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Two Federal Circuit Courts Fail To Agree Over Obamacare Insurance Subsidies


Jeff Smith was quoted in the August 19, 2014 Akron Legal News article "Two federal circuit courts fail to agree over Obamacare insurance subsidies."

The U.S. Supreme Court is being asked to weigh in on the Patient Protection and Affordable Care Act (ACA) once again. This time the concern is over the Internal Revenue Service’s decision to extend insurance premium subsidies to all states regardless of whether or not they chose to establish their own insurance exchanges.

Under the ACA, states were required to set up healthcare exchanges so that their residents and some employers could buy mandatory health plans. However, 36 states, including Ohio, failed to do so, forcing the federal government to step in and fill the void.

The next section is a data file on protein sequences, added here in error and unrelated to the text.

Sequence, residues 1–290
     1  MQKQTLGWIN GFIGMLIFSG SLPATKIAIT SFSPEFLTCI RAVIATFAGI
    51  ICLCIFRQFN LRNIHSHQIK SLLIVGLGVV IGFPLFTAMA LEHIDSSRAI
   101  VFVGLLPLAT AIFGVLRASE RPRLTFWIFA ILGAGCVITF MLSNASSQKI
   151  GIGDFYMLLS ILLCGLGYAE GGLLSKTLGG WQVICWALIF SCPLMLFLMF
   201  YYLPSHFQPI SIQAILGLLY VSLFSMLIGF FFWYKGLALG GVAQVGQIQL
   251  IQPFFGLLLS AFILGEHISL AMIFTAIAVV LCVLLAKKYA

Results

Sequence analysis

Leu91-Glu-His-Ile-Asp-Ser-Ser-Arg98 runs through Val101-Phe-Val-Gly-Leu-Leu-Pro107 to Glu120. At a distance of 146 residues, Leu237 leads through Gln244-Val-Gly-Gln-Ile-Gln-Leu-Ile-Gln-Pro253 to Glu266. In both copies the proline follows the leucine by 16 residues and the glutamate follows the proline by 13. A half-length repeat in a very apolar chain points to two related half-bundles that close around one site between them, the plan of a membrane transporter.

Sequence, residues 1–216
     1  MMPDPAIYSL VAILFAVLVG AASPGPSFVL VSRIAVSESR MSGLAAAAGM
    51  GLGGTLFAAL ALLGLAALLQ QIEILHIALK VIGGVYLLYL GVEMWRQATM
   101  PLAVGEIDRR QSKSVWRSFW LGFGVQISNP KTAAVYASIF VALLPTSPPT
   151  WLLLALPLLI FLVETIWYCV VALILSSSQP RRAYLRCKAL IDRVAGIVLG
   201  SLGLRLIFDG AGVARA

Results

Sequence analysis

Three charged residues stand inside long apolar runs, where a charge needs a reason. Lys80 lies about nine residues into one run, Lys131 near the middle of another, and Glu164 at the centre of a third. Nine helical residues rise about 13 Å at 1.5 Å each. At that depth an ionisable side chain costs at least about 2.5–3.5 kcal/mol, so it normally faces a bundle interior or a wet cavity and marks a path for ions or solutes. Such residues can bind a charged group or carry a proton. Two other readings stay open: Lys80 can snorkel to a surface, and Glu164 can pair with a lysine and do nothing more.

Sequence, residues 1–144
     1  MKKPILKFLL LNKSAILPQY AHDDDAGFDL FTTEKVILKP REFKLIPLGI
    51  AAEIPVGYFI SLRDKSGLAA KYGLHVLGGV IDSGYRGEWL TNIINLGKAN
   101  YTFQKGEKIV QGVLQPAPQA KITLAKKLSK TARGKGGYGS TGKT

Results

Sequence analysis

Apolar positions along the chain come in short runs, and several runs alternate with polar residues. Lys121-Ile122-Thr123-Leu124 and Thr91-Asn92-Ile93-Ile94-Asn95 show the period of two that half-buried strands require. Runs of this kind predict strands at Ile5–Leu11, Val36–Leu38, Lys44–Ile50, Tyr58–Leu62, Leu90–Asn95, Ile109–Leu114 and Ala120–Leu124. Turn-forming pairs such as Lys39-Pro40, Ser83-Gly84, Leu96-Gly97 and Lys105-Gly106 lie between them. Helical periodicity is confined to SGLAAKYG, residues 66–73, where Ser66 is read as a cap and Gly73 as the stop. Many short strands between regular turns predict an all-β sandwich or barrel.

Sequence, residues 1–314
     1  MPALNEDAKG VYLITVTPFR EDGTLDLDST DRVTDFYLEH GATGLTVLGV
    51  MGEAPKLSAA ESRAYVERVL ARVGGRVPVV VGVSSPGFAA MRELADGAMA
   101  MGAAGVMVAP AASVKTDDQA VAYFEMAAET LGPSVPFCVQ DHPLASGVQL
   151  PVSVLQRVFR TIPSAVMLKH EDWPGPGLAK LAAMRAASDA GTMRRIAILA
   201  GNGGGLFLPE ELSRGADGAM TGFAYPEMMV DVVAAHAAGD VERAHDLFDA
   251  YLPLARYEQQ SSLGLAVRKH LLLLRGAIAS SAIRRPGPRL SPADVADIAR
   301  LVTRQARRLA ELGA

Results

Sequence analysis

According to Jeff Smith, the conflict goes beyond an individual’s ability to purchase insurance.

“The law states that if an employer does not offer coverage that is affordable, an employee can go to an exchange and purchase insurance, possibly with a subsidy,” said Jeff. “If an employee qualifies for a subsidy, the employer faces a penalty.

“If an employee cannot obtain a subsidy in the 36 states that do not have state exchanges, it appears that the employer could avoid the penalty.”

He said this is a very time-sensitive issue. “This component of the law, known as the employer mandate, will become effective in 2015 and 2016 when companies with over 100 and then 50 employees, respectively, are required to comply.”

Jeff added employers are currently working to ensure their health plans are in order for the upcoming year. “This development causes more uncertainty about those plans,” he said.

Click here to read the full article.


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